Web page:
Fasting the Day of Ashura
When the Prophet (peace and blessings be upon him) arrived in Madinah in 622 CE, he found that the Jews there fasted on Muharram 10 and asked them the reason for their fasting on this day. They said, “This is a blessed day.
The following year, Allah commanded the Muslims to fast the month of Ramadan, and the fasting of Ashura became optional.
It is also reported that the Prophet (peace and blessings be upon him) intended to fast on the ninth and tenth. Ibn `Abbas reported: The Messenger of Allah fasted on the day of Ashura and ordered the people to fast on it.
Thus, according to scholars, you may choose to fast Ashura on three days (ninth, tenth, and eleventh); two days (ninth and tenth); or one day only (the tenth).
The Prophet (peace and blessings be upon him) said, “Fasting the day of Ashura (is of great merits), I hope that Allah will accept it as an expiation for (the sins committed in) the previous year.” (Muslim)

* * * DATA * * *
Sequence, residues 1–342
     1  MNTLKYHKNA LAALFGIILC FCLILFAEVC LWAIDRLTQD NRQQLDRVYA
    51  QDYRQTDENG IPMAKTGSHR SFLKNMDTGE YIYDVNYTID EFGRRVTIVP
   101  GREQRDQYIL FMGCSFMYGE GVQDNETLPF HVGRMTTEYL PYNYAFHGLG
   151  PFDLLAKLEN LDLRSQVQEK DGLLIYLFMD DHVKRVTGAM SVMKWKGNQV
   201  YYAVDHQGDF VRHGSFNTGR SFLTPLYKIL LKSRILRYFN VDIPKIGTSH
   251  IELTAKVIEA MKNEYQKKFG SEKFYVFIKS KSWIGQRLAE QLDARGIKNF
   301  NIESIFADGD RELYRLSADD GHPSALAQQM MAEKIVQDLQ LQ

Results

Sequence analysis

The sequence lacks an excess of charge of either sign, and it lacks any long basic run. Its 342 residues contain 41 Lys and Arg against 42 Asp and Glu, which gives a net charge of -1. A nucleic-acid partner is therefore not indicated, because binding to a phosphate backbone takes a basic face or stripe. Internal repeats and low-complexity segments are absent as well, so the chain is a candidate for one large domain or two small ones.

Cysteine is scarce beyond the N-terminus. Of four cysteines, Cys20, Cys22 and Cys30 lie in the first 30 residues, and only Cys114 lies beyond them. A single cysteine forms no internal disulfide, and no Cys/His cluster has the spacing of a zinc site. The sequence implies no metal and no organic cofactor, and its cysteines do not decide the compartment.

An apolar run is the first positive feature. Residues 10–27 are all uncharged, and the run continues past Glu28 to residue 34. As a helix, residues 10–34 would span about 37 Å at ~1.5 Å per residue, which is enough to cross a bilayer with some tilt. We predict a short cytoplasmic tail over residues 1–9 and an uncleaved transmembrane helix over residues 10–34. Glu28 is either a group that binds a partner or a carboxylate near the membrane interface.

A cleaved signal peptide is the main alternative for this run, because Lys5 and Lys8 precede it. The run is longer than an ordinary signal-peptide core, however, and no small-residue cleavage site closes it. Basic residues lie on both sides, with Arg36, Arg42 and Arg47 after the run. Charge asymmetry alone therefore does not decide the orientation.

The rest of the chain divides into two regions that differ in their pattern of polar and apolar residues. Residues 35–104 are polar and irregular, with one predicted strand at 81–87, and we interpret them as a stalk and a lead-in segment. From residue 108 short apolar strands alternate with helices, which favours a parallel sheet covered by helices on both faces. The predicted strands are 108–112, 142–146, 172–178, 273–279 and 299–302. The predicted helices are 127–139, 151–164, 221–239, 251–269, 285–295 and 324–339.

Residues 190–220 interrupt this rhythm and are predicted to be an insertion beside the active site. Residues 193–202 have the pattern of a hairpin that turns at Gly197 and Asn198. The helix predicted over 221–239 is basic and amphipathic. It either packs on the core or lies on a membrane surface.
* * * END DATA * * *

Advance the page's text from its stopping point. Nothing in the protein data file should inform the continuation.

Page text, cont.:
But this expiation of minor sins comes only if you avoid major sins. It is a big mistake to rely on fasting a single day to “wipe your slate clean.” If you neglect your daily Prayers or the fast of Ramadan, or if you backbite, lie, commit adultery or other major sins, fasting on Ashura alone will not atone for your sins. The great scholar Ibn Al-Qayyim Al-Jawziyya (b. 691 AH/1292 CE) wrote:
This misguided person does not know that fasting in Ramadan and praying five times a day are much more important than fasting on the Day of Arafah and the Day of Ashura, and that they expiate for the sins between one Ramadan and the next, or between one Friday and the next, so long as one avoids major sins. But they cannot expiate for minor sins unless one also avoids major sins; when the two things are put together, they have the strength to expiate for minor sins.
(Al-Mawsu`ah Al-Fiqhiyyah, part 31, Ghuroor)
You may hear of some customs associated with `Ashura’ such as cooking and eating certain foods on that day, wearing kohl or henna, or even merrymaking. Others consider this a day of mourning and wailing in honor of the Prophet’s grandson Al-Husayn, who was killed in battle on that day. The scholar Ibn Taymiyah (b. 661 AH/1263 CE) stated that all of these are bid`ahs (reprehensible innovations) that should be avoided.
Take advantage of this opportunity to bring yourself closer to Allah on Ashura by fasting and praying for forgiveness.